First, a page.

Henry VIII
March 1546, 1-5

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James Gairdner and R. H. Brodie (editors)

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1908

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'Henry VIII: March 1546, 1-5', Letters and Papers, Foreign and Domestic, Henry VIII, Volume 21 Part 1: January-August 1546 (1908), pp. 153-165. URL: http://www.british-history.ac.uk/report.aspx?compid=80838 Date accessed: 26 November 2014.


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March 1546, 1-5

1 March.303. The Privy Council.
Dasent's
A.P.C., 342.
Meeting at Greenwich, 1 March. Present: Chancellor, Great Master, Privy Seal, Great Chamberlain, Essex, Admiral, Durham, Gage, Browne, Wingfield, Paget, Sadler. Business:—Warrants to treasurer of Tenths to pay the lord Admiral 2,000l. for wages of those who served on the Narrow Seas, due 4 Feb. last, and to pay Sir Anthony Knevet l,000l. for munition and Francis Flemming 100l. towards making of the Ordnance house. Warrant to the Exchequer for 1,000l. for victuals. John Lynsey and William Ely had letters to customers, &c., of London, for the unlading of 800 tuns of wine, the King's licence to follow. Chr. Squyer, merchant of London, having recovered certain debts in Flanders paid in French wares, had letters to the customers, &c., of London for the discharge of poldaves, canvas, prunes, woolcards and Paris thread (values given), undertaking to sell the poldaves at 23s. 4d. the piece, which is 3s. 4d. under London price. Edward Vaughan, captain of Portsmouth, absent through sickness, returned with letters to Edward Grimston, who supplied his place, to take, besides his allowance, the half wages of the captainship for the time of his being there and pay Vaughan the other half; Vaughan also had letters to the mayor and brethren of Portsmouth, John White of Sowthwyk, Ant. Pounde, Wm. Pounde and ——— Wayte to assist him in the King's service.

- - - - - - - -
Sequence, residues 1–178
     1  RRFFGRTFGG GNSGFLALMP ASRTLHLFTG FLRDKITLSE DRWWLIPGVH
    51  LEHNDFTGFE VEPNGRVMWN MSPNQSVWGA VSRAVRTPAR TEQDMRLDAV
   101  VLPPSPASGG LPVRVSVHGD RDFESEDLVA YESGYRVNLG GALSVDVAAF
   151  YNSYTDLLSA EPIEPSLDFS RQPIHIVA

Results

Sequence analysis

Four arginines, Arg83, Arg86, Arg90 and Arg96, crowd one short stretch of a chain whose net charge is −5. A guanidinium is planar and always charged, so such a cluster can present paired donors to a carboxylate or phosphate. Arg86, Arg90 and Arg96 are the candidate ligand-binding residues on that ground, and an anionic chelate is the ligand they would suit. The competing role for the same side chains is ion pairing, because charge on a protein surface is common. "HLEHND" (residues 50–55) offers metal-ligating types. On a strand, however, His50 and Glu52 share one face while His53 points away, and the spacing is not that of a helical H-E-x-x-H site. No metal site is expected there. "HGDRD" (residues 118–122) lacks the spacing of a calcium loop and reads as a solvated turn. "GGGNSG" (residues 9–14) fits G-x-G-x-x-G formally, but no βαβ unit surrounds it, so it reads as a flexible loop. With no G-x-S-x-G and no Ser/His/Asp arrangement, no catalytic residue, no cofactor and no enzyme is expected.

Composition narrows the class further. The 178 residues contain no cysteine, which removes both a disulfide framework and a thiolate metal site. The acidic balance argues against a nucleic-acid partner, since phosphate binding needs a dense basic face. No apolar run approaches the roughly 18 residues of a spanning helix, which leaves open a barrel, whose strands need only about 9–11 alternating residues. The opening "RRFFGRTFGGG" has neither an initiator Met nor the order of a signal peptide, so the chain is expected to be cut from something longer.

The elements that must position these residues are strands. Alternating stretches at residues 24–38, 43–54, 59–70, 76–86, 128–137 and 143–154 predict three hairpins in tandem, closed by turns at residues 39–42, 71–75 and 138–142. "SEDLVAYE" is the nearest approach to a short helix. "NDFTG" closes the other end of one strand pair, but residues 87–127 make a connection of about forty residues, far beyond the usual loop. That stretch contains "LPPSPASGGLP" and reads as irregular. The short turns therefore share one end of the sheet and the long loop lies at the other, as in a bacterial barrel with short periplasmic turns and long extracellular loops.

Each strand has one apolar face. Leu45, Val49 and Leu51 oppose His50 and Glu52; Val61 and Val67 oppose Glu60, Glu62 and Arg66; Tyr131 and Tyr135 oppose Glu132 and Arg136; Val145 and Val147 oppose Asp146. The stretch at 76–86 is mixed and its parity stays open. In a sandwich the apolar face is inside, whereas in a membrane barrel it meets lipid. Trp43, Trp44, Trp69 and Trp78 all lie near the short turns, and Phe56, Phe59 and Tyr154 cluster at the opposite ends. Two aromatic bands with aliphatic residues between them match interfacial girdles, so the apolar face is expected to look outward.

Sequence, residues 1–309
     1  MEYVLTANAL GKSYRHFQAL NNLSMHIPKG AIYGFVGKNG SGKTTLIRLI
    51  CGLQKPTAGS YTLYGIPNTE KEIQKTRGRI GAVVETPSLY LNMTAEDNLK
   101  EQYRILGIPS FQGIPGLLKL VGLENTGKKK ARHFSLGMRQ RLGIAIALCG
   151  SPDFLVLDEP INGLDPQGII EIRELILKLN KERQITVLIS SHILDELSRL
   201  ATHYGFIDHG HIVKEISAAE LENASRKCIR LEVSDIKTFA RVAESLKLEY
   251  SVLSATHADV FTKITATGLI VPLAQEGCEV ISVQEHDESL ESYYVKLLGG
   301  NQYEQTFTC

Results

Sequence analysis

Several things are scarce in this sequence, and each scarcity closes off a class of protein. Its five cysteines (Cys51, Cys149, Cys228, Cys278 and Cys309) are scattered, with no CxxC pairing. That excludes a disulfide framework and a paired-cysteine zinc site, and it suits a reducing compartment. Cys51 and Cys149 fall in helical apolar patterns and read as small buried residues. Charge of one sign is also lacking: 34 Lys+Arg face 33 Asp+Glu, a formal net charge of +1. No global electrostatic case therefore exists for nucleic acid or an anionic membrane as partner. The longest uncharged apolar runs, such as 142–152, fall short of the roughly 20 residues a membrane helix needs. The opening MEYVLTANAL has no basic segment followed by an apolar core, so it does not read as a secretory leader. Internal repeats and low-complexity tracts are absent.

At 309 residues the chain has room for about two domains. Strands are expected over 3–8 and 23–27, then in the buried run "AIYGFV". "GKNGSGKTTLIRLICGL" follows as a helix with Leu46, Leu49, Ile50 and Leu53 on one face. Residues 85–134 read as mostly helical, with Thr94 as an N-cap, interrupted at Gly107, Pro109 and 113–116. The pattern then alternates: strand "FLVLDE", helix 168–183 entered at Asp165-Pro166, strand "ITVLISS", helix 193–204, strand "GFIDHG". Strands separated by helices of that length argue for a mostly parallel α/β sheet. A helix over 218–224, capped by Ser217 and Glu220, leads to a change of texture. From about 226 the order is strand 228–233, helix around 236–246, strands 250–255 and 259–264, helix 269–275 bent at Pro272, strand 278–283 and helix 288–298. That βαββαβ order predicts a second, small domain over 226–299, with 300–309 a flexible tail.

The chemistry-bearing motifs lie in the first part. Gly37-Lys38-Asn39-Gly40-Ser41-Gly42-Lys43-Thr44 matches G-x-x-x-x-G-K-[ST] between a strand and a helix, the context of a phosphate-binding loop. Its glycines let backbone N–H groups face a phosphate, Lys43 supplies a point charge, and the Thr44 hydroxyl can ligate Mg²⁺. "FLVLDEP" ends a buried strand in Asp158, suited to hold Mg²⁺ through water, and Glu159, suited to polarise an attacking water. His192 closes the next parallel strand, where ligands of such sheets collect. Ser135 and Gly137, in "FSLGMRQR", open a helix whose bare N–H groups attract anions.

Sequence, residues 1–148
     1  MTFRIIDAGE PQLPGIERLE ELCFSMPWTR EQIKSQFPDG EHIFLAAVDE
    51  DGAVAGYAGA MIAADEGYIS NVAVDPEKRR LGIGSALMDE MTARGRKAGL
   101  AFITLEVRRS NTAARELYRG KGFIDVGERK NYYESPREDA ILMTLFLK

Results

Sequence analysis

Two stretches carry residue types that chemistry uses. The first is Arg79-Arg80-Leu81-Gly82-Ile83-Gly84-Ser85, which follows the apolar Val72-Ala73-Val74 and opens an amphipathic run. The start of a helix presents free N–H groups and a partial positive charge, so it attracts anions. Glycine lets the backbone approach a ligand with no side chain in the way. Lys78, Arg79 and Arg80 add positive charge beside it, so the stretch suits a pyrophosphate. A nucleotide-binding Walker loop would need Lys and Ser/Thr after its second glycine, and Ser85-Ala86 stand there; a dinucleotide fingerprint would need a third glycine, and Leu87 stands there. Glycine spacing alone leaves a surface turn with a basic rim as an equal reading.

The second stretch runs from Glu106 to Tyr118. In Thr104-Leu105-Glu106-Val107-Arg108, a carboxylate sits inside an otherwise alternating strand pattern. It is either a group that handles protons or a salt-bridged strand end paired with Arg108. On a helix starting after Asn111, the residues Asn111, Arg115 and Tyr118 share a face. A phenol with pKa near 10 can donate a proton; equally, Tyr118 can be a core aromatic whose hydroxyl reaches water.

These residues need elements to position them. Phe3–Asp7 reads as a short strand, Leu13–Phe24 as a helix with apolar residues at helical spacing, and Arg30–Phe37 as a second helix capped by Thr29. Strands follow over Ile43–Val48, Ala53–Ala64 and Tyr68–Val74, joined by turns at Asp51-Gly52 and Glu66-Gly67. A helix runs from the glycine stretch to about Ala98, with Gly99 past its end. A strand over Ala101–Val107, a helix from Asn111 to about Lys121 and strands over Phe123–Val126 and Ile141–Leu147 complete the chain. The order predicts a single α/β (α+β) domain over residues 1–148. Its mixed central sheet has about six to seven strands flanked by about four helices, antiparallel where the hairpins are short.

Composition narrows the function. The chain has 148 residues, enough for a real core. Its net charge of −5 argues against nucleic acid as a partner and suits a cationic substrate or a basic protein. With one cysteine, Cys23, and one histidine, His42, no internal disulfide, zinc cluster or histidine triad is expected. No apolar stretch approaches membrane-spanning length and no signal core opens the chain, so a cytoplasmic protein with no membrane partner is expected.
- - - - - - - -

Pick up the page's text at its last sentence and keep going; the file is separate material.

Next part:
1 March.304. George Grenleffe to St. Leger.
R. O.The Englishman that brought the prize of Gasken wine to Yowghall which Mr. Agart bought was at Korke with his own bark and another well appointed, with 100 tall men to do the King and my lord (fn. 1) service according to his promise, and my lord commanded me to bring them to the Dengell for certain Frenchmen there. As we lay at anchor, and both captains and most of their men were gone four miles off for victuals, leaving me as their deputy, a French man of war with 60 of the tallest men of Depe, Sent Mallows and those coasts boarded us and cried Yield ye; whereupon we took our weapons and fought for three hours. They killed one of our men and brake our master gunner's leg, but we killed their captain and ten of their best men and wounded 25 others and took their ship. The ship, of which "they have made me captain," contained only 8 tun of beer and a hogshead of flesh and bread, and some writings which my lord will send; and if God send any good prize I trust to see you at Dublen. These men who thus have served the King and my lord according to their promise are told that, at Waterforde, Mr. Peper said that he would take them as soon as he would a Frenchman. Please inform Mr. Peper that, the King not offended, they would set little by him, for they have tall men "that of the worst of xxiiij. hath taken the charge of good ships." God send you "the upper hand of your enemies." Korke, 1 March.
P.S.—One of the prisoners confesses the setting out of the navy of 13 galleys and 50 ships (the Saker of Depe was one of them) into Scotland, 20 Feb., to fetch the Scots queen, and that they make the greatest army they can to land at Eye next May.